They Put 7 Famous Actresses Together. I Only Wish Their Conversation Shocked Me More.

Time for some real talk.

Don't you just love it when celebrities aren't afraid to put the media in its place? At this year's Hollywood Reporter roundtable, that's exactly what happened.

Every year, The Hollywood Reporter hosts a series of roundtable discussions with famous people in The Biz. They chat about their work from the year, key issues that came up, stuff like that. This year's roundtable of actresses featured a lot of talk about the media. It can be boiled down to this: YO MEDIA, what's your problem!? Here are a couple key moments from the interview.

It started when Patricia Arquette pointed out some of the ridiculous double standards for actresses.


What's Patricia Arquette really saying here? She's saying that the media wants women to be open and vulnerable and raw, but only if they are also delicate and pretty. When an actress makes a deliberate acting choice to not show their character as dainty and sweet, she is judged as if that is simply a failure of her own body — her body is too masculine, or she was the wrong choice for the part.

This clip was pulled from the actresses' responses to a question that's posed at 10:44 in the video embedded below: "What's your most embarrassing moment in Hollywood?"

And when the conversation turned to violation of privacy, Reese Witherspoon spoke up about how appallingly the media treats women.

Then the August 2014 hacking and leak of nude photos of Jennifer Lawrence and others came up. The members of the roundtable had some strong opinions.

If you're curious to check out that whole clip of the interview and hear from the other actresses, head to 34:19 in the embedded video at the bottom of this post.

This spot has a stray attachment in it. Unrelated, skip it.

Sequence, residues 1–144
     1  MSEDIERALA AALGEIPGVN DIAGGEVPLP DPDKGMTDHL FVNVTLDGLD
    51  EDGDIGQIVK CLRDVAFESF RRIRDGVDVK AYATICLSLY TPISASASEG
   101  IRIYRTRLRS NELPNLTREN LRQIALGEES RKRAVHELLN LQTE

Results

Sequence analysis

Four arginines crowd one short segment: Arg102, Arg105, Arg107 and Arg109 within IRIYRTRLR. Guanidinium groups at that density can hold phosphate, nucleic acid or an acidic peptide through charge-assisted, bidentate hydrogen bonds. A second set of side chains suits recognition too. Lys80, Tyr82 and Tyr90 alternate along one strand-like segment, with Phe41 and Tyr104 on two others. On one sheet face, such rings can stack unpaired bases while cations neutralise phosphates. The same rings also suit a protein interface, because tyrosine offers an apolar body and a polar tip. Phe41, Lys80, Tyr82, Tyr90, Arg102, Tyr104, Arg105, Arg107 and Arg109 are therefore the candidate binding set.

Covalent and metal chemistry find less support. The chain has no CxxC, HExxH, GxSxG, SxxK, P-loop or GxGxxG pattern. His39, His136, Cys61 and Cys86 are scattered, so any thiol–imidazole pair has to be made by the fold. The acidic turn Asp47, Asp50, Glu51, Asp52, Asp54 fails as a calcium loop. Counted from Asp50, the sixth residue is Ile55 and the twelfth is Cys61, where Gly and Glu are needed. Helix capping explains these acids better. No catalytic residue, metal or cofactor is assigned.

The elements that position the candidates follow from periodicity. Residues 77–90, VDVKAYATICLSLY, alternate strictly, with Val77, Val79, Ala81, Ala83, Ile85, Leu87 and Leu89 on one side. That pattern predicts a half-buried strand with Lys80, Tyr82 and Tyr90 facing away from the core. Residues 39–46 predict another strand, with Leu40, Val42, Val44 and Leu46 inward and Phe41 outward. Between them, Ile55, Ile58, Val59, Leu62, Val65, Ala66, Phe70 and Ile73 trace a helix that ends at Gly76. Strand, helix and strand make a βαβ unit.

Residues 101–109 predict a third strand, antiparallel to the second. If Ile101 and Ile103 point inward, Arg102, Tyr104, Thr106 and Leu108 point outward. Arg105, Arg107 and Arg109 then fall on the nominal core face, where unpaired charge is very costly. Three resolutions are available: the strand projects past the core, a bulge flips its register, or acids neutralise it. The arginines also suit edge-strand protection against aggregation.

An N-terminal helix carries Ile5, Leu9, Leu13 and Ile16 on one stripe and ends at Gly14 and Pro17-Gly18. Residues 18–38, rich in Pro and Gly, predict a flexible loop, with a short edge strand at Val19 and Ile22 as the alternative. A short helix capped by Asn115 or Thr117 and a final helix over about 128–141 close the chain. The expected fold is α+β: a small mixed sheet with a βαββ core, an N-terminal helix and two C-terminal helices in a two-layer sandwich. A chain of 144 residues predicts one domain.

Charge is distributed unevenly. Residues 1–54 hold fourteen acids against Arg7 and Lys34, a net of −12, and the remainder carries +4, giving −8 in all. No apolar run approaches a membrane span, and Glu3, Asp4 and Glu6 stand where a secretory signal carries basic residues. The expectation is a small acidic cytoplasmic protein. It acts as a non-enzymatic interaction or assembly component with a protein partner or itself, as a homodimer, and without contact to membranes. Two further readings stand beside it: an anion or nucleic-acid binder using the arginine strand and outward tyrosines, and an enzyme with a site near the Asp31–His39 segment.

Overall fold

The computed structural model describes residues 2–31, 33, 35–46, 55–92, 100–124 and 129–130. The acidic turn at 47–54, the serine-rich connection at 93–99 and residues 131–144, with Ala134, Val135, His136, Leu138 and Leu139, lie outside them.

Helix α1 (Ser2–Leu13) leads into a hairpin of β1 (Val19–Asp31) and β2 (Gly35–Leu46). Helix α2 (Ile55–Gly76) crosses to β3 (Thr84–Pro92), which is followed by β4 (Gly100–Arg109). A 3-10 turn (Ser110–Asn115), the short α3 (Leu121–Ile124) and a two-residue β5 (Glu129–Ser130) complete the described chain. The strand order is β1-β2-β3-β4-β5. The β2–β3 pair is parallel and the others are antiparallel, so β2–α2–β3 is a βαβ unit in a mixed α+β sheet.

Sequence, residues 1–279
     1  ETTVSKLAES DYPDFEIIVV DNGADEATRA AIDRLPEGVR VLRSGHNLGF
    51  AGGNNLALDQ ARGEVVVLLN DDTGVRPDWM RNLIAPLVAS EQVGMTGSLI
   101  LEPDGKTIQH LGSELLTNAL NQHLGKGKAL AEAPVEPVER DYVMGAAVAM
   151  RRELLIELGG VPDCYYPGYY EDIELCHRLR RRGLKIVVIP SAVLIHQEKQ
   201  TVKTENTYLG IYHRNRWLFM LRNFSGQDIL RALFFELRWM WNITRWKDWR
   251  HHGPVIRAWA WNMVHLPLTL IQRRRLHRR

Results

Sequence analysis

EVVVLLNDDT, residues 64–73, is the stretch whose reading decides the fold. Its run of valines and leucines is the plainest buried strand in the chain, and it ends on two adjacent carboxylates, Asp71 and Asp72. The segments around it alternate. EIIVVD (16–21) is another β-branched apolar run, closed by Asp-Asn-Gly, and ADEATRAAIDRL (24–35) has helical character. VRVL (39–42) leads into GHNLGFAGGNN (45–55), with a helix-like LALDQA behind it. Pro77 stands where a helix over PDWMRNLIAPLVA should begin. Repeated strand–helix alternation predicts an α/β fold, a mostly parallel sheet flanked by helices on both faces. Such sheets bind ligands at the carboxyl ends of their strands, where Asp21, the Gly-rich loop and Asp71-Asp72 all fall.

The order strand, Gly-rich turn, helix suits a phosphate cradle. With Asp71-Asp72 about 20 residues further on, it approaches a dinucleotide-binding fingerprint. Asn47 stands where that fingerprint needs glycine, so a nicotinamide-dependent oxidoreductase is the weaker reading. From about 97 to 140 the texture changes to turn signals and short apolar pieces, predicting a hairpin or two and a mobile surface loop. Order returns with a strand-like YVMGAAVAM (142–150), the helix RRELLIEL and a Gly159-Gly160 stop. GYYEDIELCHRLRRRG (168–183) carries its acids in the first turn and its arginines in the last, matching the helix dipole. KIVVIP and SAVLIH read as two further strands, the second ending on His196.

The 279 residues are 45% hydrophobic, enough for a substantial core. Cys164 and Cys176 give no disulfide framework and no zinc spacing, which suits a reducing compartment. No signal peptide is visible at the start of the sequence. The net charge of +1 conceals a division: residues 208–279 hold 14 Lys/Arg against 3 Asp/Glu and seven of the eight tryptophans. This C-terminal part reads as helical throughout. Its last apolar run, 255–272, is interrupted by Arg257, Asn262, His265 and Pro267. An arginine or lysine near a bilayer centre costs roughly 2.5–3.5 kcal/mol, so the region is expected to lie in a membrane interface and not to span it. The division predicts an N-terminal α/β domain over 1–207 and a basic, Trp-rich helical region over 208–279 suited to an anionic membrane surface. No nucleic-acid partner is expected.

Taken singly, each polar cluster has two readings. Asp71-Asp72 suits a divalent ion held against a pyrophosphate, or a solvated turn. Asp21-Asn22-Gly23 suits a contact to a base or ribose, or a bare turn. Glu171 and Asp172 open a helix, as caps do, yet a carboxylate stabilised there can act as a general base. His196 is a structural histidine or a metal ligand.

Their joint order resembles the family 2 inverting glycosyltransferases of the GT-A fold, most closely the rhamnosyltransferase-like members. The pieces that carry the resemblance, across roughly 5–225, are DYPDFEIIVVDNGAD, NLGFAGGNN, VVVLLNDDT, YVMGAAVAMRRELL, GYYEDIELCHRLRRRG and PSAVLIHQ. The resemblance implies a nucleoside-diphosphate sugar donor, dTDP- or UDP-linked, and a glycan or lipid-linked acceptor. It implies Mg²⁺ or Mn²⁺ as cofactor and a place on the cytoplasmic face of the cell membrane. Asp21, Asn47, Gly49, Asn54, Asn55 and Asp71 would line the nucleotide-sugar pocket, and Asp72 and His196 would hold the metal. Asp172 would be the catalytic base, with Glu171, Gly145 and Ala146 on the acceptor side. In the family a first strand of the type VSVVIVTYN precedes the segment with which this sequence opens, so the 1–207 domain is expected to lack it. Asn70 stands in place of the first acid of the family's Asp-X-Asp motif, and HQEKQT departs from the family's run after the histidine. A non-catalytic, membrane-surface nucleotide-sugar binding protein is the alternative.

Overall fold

I wish we didn't have to have these conversations — because I wish we lived in a world without the rampant sexism that necessitates them.

I wish the media didn't tear women down all the time. I wish we could appreciate an actress' interpretation of a certain character without holding her up to our idea of how delicate and vulnerable all women must be. I wish I was more shocked by the instances of everyday sexism these celebrities — and all women — face.

Until then, I applaud these celebrities for speaking out.

If you'd like to catch the whole roundtable discussion, here's the video. It's pretty long, but there are quite a few great moments if you've got the time to check it out.

Note: Before you go, I would like to address the lack of diversity in this year's drama actress roundtable. This year's discussion featured seven amazingly talented white actresses. While the discussion was lively and important, it did not address any problems that non-white women are facing in Hollywood. Is there anyone on this year's roundtable that didn't deserve to be there? Absolutely not. Are there plenty of non-white actresses who did deserve to be featured? Yes. I look forward to seeing a more diverse array of women in next year's selection.

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I'm staring at my screen watching the President of the United States speak before a stadium full of people in North Carolina. He launches into a lie-laced attack on Congresswoman Ilhan Omar, and the crowd boos. Soon they start chanting, "Send her back! Send her back! Send her back!"